Monitor/Laptop: The Tech Neck

Monitor: if working with a standard computer monitor, you want to aim to have the top 1/3rd of your screen at viewing height (looking straight forward without tilting the head up or down).

For users wearing bifocal or progressive glasses at the computer, your screen height may be lower to accommodate for viewing with the lower part of prescription glasses.

Stacks of paper or monitor stands are recommended if screen height is too low. The screen distance should be adjusted to within an arm’s reach (comfort dependent) to prevent forward leaning or squinting.

The more detailed the work, the closer the screen.

Laptops are a bit trickier, especially if you don’t use an external keyboard/mouse. The goal should be the same as a monitor, raise the screen to prevent forward leaning, however we want to make sure that you are not lifting your shoulders to type.

Ideally we aim for having an external keyboard/mouse and monitor connected for heavy laptop use (such as home or work office) and to minimize use when working directly off the laptop (travel or teleworking).

Desk/Document Work: Organization and Placement

For hard-copy document based work, whether referencing or reviewing, it should be done in a comfortably lit environment to minimize visual strain.

We also want to prevent the “Student Slouch” or hunched posture.

Placing a 1” binder or angled surface underneath documents can help to minimize forward leaning postures and reduce strain on the neck and shoulders/back.

Having desk heights adjusted can also allow for a more comfortable posture,

Generally done through a facilities or accommodations department within the workplace.

For desk work (writing and keyboard/mouse use) the desk height should be close to the resting elbow height (if no keyboard tray is present).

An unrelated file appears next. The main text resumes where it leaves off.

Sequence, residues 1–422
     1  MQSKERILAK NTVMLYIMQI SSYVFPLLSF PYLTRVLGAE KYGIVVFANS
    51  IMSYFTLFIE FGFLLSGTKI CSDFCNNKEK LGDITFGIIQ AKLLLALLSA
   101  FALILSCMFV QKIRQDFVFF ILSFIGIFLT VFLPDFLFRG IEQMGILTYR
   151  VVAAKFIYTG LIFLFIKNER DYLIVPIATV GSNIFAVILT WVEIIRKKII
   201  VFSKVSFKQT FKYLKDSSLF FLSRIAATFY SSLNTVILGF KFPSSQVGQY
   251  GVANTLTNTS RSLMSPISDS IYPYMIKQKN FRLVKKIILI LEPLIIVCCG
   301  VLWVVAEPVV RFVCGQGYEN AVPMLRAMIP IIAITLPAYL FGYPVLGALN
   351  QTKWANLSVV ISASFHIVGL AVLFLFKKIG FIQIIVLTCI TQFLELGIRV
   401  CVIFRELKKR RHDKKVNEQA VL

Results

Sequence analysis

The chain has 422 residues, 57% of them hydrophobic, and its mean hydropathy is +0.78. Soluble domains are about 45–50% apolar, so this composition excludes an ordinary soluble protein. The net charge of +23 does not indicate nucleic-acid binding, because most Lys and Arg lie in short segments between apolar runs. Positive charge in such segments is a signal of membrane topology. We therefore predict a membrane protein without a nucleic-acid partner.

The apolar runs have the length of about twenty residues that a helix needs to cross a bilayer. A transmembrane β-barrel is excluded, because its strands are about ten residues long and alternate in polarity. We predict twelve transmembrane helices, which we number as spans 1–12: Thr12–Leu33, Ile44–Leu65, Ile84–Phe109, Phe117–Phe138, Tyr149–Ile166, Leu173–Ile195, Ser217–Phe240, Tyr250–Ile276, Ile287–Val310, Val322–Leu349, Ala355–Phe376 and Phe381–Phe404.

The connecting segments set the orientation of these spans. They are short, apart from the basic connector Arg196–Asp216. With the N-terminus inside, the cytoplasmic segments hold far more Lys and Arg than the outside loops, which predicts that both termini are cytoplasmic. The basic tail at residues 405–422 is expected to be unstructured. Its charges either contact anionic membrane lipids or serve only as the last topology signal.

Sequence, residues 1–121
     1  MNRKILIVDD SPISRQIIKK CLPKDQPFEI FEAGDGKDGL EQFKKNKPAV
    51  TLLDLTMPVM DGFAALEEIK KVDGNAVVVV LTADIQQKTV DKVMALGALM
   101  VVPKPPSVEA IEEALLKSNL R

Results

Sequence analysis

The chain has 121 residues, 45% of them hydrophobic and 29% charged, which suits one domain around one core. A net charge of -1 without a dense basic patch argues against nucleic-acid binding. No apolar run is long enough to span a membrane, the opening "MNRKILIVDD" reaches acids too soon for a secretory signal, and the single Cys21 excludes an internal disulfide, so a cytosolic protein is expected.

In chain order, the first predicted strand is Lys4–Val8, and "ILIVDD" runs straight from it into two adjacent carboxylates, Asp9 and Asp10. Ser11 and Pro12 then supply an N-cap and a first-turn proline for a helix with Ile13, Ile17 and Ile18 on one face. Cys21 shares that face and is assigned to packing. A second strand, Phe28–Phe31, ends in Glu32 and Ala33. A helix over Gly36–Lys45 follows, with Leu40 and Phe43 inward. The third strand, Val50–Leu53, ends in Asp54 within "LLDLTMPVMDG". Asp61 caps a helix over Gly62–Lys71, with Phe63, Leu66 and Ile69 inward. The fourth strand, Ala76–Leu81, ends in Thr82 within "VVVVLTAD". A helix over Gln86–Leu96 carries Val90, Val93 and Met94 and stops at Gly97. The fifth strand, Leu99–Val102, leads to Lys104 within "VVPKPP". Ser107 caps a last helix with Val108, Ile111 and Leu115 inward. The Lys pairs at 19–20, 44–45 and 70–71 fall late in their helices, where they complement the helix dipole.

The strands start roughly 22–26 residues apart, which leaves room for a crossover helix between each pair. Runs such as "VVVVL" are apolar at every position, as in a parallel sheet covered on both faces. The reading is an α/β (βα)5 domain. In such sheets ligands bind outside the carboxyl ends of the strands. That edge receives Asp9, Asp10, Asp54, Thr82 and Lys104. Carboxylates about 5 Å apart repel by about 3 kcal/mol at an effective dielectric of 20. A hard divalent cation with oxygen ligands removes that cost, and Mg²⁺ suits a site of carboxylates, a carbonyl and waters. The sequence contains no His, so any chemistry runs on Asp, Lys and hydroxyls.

For primarily reading use, the desk height should be slightly above elbow height to prevent constant forward leaning/hunching.

Sit/Stand Workstations: Is Sitting Really the New Smoking?

While sitting for 8+ hours per day may not be the healthiest, standing for that time is no better.

The goal when looking at alternative workstations is to promote movement and variability of posture.

One posture, even if it is ergonomically correct, is not healthy when consistently held for prolonged periods of time.

By introducing movement, at least once per hour, we are able to change the physical demands on our body, allowing some muscles to relax and others to stretch and move.

Tasks that can increase posture variability:

  • Stand to read documents on a shelf or cabinet
  • Taking phone calls in standing
  • Alternate between in-person vs. electronic communication when possible
  • Introducing periodic stretching at the workstation
  • Refill water bottles/glasses when halfway empty

Conclusion      Make some small changes to your own workspace, move around a little more, and reap the benefits of understanding ergonomics!

James Marles Health and Safety Coordinator and Ergonomics Specialist

About the Author:

James Marles is a Registered Kinesiologist with a Bachelor of Science in Kinesiology (Co-op) from the University of Waterloo. James has been working as an Ergonomist for 4 years as a consultant and is currently a Health and Safety Coordinator and Ergonomics Specialist in Ottawa.

With his primary focus on preventative ergonomics, James has conducted over 2000 office and industrial ergonomic assessments for government and private sector clients.

Strive Physiotherapy & Performance would like to thank James for his insightful and detailed guest post! If you’re struggling with your own ergonomics, and having aches and pains that just won’t go away,

Call us at 519-895-2020, or use our online booking tool on to book an appointment with one of our knowledgeable physiotherapists, and they will be sure to help you understand your injury.